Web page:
Among major CMAs, the most expensive markets remained Vancouver ($2,181, two-bedroom purpose built rental) and Toronto ($1,961) in 2023, while Montreal CMA came in the lowest at $1,096.
Topic of the Week: Productivity - Part 1
“Productivity isn’t everything, but in the long run it’s almost everything.”
—Paul Krugman, Nobel Prize winning economist
Over the next two weeks, we are talking about productivity. We start with why it matters and a high level summary of recent trends in Canada and Alberta. Next week we dive into more industry level details.
Why productivity matters
Economists spend a lot of time talking about productivity, and for good reason. Productivity drives living standards and real wages over long periods of time. This is not just an academic exercise: to sustain real per capita income growth, labour productivity must increase over time.
In general, there are two main ways of increasing GDP per person (a broad measure of living standards).
- More hours worked per person: This can be through increased labour force participation (particularly among underrepresented groups), increasing the share of people in their prime working years (e.g. through immigration), or increased weekly hours (e.g. more full-time work).
- More output per hour worked (i.e. labour productivity): This can occur through more capital per worker (capital deepening), improved labour ‘quality’ (e.g. skills and training), and something called multifactor productivity which involves using all inputs more efficiently.
Productivity doesn’t mean working hard, but smarter. It can involve upgrading skills, investing in machinery and technology, commercializing and developing new products, and expanding into new markets.
An aging population is one reason to care more about productivity. As the population ages, more people will exit the workforce, leaving fewer workers available to support themselves and their retired peers. Productivity will need to carry the economic weight. Alberta’s population is young, but it’s still aging. The population 65+ is expected to rise from 15% today to 20% in 2051, which will lower overall labour force participation rates.
Inflation is another reason to take productivity seriously. Wage gains, in the absence of productivity improvements, lead to higher unit labour costs. While companies may absorb the hit to their bottom line, over long periods they are likely to pass these costs on to consumers in the form of higher prices. Bank of Canada Governor Tiff Macklem noted in September that “weak productivity growth has been a serial problem in Canada,” and in its latest Monetary Policy Report the Bank highlighted that the combination of strong wages and weak productivity could add to inflation.
Labour productivity in Canada has been on a steady decline since the pandemic.* As of the third quarter of 2023, labour productivity was below 2019Q4 levels and approaching late 2014 levels. Not surprisingly, then, GDP per capita has been declining since mid-2022.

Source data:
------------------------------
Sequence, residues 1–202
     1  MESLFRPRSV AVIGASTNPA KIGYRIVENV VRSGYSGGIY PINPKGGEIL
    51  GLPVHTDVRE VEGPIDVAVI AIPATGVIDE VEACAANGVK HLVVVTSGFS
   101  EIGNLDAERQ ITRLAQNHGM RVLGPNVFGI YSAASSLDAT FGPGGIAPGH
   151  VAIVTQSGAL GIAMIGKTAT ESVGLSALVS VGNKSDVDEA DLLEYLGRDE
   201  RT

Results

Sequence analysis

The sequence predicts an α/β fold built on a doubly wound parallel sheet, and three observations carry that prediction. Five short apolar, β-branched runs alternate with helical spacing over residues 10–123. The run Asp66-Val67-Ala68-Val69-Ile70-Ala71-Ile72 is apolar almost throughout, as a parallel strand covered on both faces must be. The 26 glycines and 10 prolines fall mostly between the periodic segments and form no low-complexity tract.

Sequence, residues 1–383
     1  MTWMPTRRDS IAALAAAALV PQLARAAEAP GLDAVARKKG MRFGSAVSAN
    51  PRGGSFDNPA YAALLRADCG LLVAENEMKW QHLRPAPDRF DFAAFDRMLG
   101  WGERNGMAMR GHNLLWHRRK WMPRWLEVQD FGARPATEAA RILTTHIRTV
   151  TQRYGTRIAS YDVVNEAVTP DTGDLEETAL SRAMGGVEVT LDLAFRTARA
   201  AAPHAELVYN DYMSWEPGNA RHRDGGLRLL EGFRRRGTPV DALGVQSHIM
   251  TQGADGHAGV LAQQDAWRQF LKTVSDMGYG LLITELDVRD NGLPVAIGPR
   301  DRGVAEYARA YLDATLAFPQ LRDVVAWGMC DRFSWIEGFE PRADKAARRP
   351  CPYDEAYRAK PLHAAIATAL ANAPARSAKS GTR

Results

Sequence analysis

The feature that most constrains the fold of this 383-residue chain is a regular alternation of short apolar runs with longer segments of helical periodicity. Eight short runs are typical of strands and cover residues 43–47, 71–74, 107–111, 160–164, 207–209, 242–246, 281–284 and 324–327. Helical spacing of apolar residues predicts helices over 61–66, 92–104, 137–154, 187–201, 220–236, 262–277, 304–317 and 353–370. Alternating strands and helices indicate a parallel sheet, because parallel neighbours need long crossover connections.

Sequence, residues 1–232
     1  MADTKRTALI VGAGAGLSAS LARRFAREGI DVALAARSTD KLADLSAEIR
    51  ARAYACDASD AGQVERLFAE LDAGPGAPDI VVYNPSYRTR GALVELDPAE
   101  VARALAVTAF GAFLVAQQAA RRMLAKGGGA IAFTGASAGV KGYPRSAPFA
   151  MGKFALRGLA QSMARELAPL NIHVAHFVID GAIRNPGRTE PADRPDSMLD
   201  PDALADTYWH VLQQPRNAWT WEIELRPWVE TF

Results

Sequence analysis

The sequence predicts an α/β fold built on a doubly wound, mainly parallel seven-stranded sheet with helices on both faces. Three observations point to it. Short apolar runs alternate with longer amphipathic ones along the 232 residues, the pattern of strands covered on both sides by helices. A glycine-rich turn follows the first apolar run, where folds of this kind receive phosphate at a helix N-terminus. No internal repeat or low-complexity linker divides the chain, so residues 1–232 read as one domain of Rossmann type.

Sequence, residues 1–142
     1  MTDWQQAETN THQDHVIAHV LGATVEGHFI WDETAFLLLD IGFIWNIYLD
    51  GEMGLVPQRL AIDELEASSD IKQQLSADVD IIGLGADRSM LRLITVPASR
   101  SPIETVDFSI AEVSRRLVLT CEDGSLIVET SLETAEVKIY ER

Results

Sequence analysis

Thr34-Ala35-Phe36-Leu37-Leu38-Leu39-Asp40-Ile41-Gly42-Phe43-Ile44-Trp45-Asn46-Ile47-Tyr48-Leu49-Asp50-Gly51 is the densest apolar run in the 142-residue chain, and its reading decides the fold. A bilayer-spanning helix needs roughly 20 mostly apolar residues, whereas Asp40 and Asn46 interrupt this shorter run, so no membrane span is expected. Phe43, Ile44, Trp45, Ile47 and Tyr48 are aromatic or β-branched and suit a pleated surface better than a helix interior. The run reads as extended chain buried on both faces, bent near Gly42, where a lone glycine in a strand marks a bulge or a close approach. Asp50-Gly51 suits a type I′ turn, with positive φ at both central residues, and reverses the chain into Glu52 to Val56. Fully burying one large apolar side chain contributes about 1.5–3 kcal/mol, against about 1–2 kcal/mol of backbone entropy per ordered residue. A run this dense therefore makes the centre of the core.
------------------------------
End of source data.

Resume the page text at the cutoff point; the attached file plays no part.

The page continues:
While Canada’s languishing productivity is more noticeable at the moment, it predates the pandemic (see chart). A ‘silver bullet’ solution to these challenges would be nice, but there is no one single reason why Canada lags. Lower levels of business investment (particularly in machinery and equipment and intellectual property) are considered a key culprit. Indeed, real business investment in structures, machinery and equipment and intellectual property remains below 2014 levels. Other potential explanations cited include weaker innovation outcomes on measures like business R&D, patent ownership and commercialization, lack of competition, firm size, internal trade barriers, skills gaps, and taxes.
*Labour productivity temporarily spiked during the first year of the pandemic as activity shifted to essential activities and industries reduced labour more than output. The reopening of the economy reversed these effects as hours worked rose faster than output.
What about Alberta? The province has the highest level of overall labour productivity, standing neck and neck with Saskatchewan, another major natural resource producer. In 2022 (latest data), output per hour worked was 32% higher than the national average economy-wide, and 39% higher in the business sector.* The capital and energy intensive structure of Alberta’s economy is the main reason for its higher productivity level. More on this next week.
Reflecting higher productivity and employment rates, Alberta has the highest GDP per capita among provinces. Trevor Tombe, a Professor of Economics at the University of Calgary, finds that Alberta is the only province that exceeds the national average on per capita GDP when adjusting for differences in purchasing power.
*Rankings are similar in the business sector only, though Saskatchewan moves to first with Newfoundland and Alberta effectively tied for second in 2022.
Turning to growth, labour productivity has risen 0.9% per year over the latest decade of data (2012 to 2022), matching the national average. However, this was entirely due to gains in the early part of that period, with productivity struggling to gain ground since the 2015-16 recession. The peak in Alberta’s productivity gap, relative to the national average, was in 2014. Looking at a 20 year horizon, Alberta’s productivity growth comes in at 0.8% per year vs. 0.9% nationally.
Labour productivity in Alberta is highly influenced by its largest industry—oil and gas extraction, which has very high levels of labour productivity. There has been a decline in hours worked in oil and gas and related industries since 2014. At the same time, hours worked has increased in many other industries, particularly in the service sector, with lower average levels of labour productivity. This structural shift has weighed on the average level of productivity in Alberta.
At the same time, and providing a partial offset, there have been large improvements in the oil and gas industry’s labour productivity over the last decade, with a big jump between 2012 and 2016 before leveling off. The gains can be attributed to oil sands projects moving from the construction phase to production phase and continued efforts to find efficiencies and contain costs.*
Next week, we’ll dig into detailed industry-level data to explore recent trends and find out why Alberta’s overall labour productivity is higher.
*The long lead times between initial investment and production and volatility in the resource sector are a reminder that year-to-year productivity changes are difficult to interpret in Alberta, and will not necessarily be indicative of trends.
Answer to the previous trivia question: Economists refer to the additional benefit from an increase in an activity as marginal benefit.
Today’s trivia question: In economics, the revenue earned from “labour” is called “wages.” What is the revenue earned from “land” called?